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October 28, 2016

Operating a social media account: What obligations arise for employers?

Author Amelia Cooke

In today’s modern world, employers need to be as familiar with hashtags, tweets and trending topics as they are with any other form of customer communication. While social media has become an extremely useful forum for interacting with a wide audience, employers may not have considered whether their use of social media platforms gives rise to any employment issues.

In a recent arbitration decision, Amalgamated Transit Union, Local 113 v. Toronto Transit Commission (Use of Social Media Grievance) (“Amalgamated Transit”), Arbitrator Howe found that, in operating its Twitter account, the TTC was in breach of certain provisions of the collective agreement, its own policies, the Human Rights Code and the Occupational Health and Safety Act (“OSHA”). Interestingly, he declined to award a specific remedy; leaving it to the parties to work and create a mutually acceptable policy. Although the decision was based in part on a consideration of specific provisions in the TTC’s collective agreement and workplace polices, it does provide practical suggestions for employers to consider when operating their social media platforms.

At issue in Amalgamated Transit was the TTC’s Twitter account @TTChelps, which the TTC created in order to respond to customer service questions and concerns. In 2013, the Union became aware of online abuse and harassment directed towards TTC employees through the Twitter account. Using the account, users would make comments about TTC employees that were racist, sexist, homophobic and violent. Less frequently, TTC riders would post photos of drivers, generally accompanied with complaints.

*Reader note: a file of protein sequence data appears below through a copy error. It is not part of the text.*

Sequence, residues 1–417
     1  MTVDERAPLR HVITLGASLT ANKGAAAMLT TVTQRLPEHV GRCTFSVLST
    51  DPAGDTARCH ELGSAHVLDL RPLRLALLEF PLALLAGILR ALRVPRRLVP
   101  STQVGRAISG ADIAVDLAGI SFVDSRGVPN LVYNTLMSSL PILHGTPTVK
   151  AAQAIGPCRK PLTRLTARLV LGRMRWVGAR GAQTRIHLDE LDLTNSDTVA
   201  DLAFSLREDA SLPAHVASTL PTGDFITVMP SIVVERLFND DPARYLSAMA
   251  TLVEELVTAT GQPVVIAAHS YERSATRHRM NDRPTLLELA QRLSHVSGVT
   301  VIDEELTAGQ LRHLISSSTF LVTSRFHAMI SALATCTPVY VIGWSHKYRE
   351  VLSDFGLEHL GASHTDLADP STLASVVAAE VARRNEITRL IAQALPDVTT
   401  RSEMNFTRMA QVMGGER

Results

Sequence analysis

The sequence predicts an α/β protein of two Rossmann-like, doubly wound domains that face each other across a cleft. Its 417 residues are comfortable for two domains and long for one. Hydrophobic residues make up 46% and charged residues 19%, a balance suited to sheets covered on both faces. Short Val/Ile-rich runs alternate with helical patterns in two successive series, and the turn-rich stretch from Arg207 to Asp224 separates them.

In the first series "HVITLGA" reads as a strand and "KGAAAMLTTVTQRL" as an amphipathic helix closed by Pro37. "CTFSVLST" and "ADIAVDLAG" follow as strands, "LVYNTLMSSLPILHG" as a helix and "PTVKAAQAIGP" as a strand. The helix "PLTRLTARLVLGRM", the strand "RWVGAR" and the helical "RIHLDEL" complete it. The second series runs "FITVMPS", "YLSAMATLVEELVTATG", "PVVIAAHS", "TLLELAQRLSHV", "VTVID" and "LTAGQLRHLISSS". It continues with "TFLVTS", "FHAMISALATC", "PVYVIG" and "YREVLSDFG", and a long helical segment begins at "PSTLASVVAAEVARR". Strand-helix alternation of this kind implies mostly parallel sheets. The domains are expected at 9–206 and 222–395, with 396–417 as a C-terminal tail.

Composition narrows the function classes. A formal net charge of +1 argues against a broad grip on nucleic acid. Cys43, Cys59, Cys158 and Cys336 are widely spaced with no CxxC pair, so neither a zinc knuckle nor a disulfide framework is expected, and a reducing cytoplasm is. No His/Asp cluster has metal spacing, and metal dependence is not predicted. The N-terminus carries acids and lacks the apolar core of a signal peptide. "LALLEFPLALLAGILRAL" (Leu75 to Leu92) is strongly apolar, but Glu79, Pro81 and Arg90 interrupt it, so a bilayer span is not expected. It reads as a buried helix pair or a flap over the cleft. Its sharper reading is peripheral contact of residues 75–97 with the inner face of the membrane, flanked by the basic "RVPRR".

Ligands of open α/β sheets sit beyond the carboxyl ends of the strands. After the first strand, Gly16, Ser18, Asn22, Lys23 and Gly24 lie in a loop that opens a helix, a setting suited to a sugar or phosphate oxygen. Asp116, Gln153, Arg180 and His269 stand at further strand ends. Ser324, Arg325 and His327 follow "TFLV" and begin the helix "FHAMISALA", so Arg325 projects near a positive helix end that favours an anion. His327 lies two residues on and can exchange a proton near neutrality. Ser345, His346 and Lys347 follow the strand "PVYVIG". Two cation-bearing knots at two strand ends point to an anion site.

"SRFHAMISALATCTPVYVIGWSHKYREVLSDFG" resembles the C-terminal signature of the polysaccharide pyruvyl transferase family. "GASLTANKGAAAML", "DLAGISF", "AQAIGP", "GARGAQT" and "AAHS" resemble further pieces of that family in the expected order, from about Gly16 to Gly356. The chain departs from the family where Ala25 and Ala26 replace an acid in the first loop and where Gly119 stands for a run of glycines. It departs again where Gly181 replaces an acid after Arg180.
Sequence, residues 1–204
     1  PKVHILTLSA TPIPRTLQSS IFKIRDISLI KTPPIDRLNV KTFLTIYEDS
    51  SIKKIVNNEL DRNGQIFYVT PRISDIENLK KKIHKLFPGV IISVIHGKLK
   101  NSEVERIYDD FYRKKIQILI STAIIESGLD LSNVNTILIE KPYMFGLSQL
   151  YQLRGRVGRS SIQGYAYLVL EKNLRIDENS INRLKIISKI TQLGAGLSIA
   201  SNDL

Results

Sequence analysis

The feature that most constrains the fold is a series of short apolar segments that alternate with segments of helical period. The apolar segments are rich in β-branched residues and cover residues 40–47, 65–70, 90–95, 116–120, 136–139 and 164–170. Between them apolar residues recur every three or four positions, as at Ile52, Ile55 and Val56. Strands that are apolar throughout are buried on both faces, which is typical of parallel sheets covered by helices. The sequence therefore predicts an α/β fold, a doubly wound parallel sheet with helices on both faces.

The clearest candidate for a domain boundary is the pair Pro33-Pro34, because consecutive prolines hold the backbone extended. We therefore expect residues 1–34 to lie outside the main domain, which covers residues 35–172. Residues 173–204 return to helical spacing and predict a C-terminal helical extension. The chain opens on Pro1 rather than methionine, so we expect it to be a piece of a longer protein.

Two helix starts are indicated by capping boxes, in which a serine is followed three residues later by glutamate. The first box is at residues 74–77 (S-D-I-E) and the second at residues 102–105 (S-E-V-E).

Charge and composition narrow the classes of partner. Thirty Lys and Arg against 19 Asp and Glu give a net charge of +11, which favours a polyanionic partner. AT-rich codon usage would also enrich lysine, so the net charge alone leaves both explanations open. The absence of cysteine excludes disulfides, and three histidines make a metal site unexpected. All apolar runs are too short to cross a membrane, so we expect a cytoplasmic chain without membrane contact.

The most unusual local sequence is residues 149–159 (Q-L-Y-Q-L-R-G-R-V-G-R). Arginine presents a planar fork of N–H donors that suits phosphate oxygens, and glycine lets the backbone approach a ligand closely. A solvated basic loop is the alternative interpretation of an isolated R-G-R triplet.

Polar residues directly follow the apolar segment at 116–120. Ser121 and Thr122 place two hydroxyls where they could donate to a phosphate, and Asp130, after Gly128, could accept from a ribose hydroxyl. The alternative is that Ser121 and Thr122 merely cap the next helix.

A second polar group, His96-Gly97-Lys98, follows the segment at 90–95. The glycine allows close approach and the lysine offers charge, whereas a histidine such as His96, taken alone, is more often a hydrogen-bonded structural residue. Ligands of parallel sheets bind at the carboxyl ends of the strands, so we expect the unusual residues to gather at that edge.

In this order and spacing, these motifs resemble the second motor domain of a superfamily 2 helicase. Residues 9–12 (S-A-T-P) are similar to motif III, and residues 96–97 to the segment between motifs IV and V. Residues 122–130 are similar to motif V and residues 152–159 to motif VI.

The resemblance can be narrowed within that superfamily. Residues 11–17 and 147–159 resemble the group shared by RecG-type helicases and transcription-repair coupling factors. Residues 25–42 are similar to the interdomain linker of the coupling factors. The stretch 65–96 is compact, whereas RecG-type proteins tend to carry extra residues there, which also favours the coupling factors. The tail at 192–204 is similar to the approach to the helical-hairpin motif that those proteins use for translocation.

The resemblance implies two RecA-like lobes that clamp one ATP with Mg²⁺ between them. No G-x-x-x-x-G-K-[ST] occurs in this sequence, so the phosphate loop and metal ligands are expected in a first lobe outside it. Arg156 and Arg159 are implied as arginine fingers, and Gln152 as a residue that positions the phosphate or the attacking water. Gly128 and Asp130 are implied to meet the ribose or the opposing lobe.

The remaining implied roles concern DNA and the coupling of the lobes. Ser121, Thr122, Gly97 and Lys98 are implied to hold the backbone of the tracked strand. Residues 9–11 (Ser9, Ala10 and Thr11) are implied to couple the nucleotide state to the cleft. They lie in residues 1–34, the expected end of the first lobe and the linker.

The TTC responded to these tweets in various ways. For example, in one instance a Twitter user complained that a driver refused to stop to let the user on the bus. The TTC responded:

We do encourage our operators [to] accommodate whenever possible, however they do have a schedule to maintain

In another instance, a Twitter user complained, using a number of obscenities directed towards a TTC driver, that service was slow. The TTC responded:

We are here to help, however discriminatory or abusive comments are not condoned

In another example, a Twitter user commented that the driver was extremely attractive. The TTC responded:

You should tell them that. Sure they would appreciate the compliment

In a further example, a Twitter user referred to a driver as ‘sexy’ and stated that this was intended to be a compliment for the driver. The TTC responded:

Thanks for the feedback, glad to hear! LOL.

The Union took issue with the TTC’s responses in these types of situations, claiming that the responses inadequately addressed the user’s offensive comments or framed TTC employees in a negative light.

Protecting Employees From Harassment

After a fulsome review of the tweets that the Union claimed constituted harassment and discrimination, Arbitrator Howe determined that the TTC had failed to take all reasonable and practical measures to protect its employees from harassment through the Twitter account. He explained that the TTC had obligations to protect workers from harassment and discrimination that arose from the Human Rights Code, the collective agreement, and the TTC Workplace Harassment Policy. Arbitrator Howe referred to the TTC’s Workplace Harassment Policy, which contained a provision that specifically referenced offensive behaviour arising from the use of the internet, e-mail or electronic communications and found that the TTC’s Twitter account was part of the workplace.